The story thus far:
When the former News of the World reporter Sean Hoare was found dead Monday at his home in Watford, north of London, the immediate response of the Hertfordshire police was to issue a public statement declaring his death to be “unexplained but not thought to be suspicious.”
The statement is at the very least extraordinary, and at worst sinister in its implications. Hoare is the man who broke silence on the corrupt practices at the News of the World and, most specifically, alleged that former editor Andy Coulson, who later became Prime Minister David Cameron’s director of communications, was fully aware of phone hacking that took place on an “industrial scale.”
Under these circumstances, before either a post-mortem or any investigation had been mounted, how could such a claim be made by the police?
The morning after Hoare’s body was found, former Metropolitan Police Commissioner Sir Paul Stephenson and his former deputy, John Yates, were to give evidence before a home affairs select committee. Stephenson had tendered his resignation Sunday and Yates Monday. They were to be quizzed by MPs on their failure to pursue any serious investigation into phone hacking or on the bribing of police officers. This was to be followed by the quizzing of News Corporation head Rupert Murdoch, his son James, chairman of News International, and former News of the World editor Rebekah Brooks.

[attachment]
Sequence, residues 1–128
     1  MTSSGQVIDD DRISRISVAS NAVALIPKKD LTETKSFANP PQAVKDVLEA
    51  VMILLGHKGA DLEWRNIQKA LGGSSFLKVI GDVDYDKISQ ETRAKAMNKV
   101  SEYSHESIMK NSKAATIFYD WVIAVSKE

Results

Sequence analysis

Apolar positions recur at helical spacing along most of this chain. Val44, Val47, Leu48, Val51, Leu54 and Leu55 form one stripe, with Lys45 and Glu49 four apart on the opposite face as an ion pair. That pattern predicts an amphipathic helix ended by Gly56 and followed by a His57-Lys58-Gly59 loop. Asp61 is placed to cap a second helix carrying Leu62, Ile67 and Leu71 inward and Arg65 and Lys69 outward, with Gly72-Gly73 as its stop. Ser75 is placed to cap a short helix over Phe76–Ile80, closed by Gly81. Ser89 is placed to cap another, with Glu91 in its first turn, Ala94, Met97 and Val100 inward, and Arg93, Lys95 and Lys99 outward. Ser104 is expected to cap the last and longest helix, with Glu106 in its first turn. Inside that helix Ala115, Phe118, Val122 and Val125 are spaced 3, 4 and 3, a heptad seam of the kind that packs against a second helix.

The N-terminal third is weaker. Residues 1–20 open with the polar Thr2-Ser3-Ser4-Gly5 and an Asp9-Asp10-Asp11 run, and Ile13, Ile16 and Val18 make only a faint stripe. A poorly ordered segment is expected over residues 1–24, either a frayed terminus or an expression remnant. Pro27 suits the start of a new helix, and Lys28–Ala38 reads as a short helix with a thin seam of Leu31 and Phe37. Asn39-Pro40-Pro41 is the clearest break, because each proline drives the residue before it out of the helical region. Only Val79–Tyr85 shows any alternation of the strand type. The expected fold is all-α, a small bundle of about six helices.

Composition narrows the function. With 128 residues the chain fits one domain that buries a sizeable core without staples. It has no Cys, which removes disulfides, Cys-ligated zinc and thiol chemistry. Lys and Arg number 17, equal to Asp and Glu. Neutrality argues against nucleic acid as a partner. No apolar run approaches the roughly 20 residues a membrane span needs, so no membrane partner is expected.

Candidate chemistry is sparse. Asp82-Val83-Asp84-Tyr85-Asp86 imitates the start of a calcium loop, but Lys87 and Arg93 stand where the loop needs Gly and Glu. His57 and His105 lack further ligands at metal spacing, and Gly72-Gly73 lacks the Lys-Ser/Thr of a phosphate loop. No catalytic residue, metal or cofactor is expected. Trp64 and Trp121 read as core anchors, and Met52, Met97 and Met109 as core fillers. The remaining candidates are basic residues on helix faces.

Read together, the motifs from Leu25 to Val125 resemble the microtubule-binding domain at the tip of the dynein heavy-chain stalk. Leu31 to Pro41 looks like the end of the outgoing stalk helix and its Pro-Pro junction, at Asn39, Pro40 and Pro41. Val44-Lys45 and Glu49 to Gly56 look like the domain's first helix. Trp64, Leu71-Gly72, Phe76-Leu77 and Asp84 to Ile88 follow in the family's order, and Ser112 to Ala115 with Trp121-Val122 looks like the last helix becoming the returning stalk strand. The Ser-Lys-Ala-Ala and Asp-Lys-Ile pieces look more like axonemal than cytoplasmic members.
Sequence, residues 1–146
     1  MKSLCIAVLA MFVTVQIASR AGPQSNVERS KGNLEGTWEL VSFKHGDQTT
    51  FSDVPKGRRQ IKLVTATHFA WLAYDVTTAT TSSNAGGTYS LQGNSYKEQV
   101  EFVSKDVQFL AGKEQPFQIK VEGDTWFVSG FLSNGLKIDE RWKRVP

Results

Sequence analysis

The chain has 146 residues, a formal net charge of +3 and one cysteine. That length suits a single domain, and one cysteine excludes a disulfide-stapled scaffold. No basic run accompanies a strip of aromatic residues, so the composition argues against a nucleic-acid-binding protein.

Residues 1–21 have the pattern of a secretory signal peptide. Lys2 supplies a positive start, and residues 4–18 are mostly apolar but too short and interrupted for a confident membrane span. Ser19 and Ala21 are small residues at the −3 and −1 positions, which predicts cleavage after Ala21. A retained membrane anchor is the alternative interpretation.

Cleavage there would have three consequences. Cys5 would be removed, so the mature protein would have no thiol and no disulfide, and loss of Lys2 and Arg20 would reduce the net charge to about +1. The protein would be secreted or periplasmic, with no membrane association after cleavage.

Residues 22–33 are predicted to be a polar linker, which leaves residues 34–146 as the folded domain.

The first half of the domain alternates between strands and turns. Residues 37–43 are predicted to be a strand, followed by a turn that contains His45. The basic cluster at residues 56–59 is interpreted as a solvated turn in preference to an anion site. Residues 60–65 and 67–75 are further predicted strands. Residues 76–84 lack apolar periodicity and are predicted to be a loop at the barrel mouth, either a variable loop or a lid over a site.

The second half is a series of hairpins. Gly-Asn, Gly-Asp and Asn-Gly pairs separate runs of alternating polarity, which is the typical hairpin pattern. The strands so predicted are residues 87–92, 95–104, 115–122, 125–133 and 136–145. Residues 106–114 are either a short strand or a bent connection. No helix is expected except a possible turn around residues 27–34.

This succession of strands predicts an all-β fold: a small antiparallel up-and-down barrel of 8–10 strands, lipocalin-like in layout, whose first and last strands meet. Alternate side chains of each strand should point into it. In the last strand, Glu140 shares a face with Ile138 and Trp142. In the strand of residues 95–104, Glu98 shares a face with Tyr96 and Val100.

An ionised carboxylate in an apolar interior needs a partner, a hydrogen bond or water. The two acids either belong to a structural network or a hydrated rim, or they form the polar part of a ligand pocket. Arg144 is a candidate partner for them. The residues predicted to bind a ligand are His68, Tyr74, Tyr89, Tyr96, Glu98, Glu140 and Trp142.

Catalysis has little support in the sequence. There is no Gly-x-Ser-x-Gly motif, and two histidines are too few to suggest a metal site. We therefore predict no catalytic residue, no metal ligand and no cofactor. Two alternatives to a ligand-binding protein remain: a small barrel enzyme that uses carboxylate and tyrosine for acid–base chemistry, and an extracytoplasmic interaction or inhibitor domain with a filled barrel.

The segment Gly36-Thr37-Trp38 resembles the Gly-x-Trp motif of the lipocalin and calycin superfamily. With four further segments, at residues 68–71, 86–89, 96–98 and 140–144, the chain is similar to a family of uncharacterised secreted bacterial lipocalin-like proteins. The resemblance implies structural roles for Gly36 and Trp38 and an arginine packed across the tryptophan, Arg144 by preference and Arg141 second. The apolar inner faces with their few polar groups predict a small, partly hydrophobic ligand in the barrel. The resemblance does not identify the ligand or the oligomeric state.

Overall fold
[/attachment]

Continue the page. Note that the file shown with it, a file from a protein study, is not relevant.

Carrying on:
The death of Hoare means that his testimony will never be heard by any such inquiry or, more importantly, by any criminal investigation that may arise.
That's your key, right there. Hoare cannot testify. Will not. Has been prevented by events from...
Hm. Convenient, no?
Well, coinky-dinks like this are common in Britain, aren't they? And in the USofA?
UPDATE: From the Telegraph (UK)
The Prime Minister David Cameron said [In reference to Mr. Hoare's unsuspicious demise]: “The death of anyone is a tragedy for that person."
Yes. Well. Isn't that the truth.
Nothing to see here. Move along. Move along.